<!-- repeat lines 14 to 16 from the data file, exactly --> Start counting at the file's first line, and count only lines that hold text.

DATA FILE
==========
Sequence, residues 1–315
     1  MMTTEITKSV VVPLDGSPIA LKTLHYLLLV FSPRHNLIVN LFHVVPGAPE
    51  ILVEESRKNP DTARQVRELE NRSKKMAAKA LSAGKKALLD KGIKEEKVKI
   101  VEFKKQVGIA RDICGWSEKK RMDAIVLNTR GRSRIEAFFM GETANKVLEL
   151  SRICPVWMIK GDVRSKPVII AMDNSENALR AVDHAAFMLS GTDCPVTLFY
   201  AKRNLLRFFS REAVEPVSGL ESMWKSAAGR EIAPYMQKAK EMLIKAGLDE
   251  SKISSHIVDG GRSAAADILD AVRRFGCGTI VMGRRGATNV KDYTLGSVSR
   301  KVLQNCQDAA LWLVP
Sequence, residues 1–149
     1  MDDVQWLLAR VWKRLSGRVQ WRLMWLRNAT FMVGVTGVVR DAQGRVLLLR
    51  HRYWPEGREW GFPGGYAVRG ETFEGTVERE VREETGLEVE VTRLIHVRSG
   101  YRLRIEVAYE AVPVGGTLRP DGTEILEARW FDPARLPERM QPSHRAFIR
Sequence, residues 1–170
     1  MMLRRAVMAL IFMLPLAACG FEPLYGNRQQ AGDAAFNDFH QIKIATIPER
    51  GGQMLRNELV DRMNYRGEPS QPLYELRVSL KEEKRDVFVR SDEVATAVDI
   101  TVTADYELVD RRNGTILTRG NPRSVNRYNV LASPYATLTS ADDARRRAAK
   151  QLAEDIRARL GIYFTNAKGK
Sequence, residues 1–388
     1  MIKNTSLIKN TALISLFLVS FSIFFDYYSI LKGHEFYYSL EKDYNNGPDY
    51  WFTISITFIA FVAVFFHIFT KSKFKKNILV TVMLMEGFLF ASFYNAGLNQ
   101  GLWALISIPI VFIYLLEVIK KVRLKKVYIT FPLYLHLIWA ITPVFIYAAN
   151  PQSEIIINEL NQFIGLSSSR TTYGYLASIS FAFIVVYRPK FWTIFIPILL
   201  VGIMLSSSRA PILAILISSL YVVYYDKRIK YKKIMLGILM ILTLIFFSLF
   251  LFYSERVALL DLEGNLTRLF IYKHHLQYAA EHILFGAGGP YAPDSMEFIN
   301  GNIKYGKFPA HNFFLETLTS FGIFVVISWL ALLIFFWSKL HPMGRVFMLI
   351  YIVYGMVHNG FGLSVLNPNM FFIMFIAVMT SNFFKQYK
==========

     1  MMLRRAVMAL IFMLPLAACG FEPLYGNRQQ AGDAAFNDFH QIKIATIPER
    51  GGQMLRNELV DRMNYRGEPS QPLYELRVSL KEEKRDVFVR SDEVATAVDI
   101  TVTADYELVD RRNGTILTRG NPRSVNRYNV LASPYATLTS ADDARRRAAK